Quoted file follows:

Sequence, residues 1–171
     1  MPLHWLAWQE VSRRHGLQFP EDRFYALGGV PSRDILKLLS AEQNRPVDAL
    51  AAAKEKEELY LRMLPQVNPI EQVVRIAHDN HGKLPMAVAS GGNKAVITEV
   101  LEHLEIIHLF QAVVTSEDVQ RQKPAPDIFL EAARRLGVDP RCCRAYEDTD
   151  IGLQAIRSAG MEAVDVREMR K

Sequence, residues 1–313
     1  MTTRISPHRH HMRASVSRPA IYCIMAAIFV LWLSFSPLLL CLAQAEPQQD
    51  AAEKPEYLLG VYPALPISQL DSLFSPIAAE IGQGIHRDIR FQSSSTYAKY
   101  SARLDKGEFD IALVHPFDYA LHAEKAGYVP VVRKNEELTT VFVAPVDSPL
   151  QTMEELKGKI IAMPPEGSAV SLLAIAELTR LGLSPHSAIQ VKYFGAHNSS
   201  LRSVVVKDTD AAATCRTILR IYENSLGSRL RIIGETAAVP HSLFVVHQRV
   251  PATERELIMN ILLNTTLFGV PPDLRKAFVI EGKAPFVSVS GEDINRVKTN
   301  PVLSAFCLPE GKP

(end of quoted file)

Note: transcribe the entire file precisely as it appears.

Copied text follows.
Sequence, residues 1–171
     1  MPLHWLAWQE VSRRHGLQFP EDRFYALGGV PSRDILKLLS AEQNRPVDAL
    51  AAAKEKEELY LRMLPQVNPI EQVVRIAHDN HGKLPMAVAS GGNKAVITEV
   101  LEHLEIIHLF QAVVTSEDVQ RQKPAPDIFL EAARRLGVDP RCCRAYEDTD
   151  IGLQAIRSAG MEAVDVREMR K

Sequence, residues 1–313
     1  MTTRISPHRH HMRASVSRPA IYCIMAAIFV LWLSFSPLLL CLAQAEPQQD
    51  AAEKPEYLLG VYPALPISQL DSLFSPIAAE IGQGIHRDIR FQSSSTYAKY
   101  SARLDKGEFD IALVHPFDYA LHAEKAGYVP VVRKNEELTT VFVAPVDSPL
   151  QTMEELKGKI IAMPPEGSAV SLLAIAELTR LGLSPHSAIQ VKYFGAHNSS
   201  LRSVVVKDTD AAATCRTILR IYENSLGSRL RIIGETAAVP HSLFVVHQRV
   251  PATERELIMN ILLNTTLFGV PPDLRKAFVI EGKAPFVSVS GEDINRVKTN
   301  PVLSAFCLPE GKP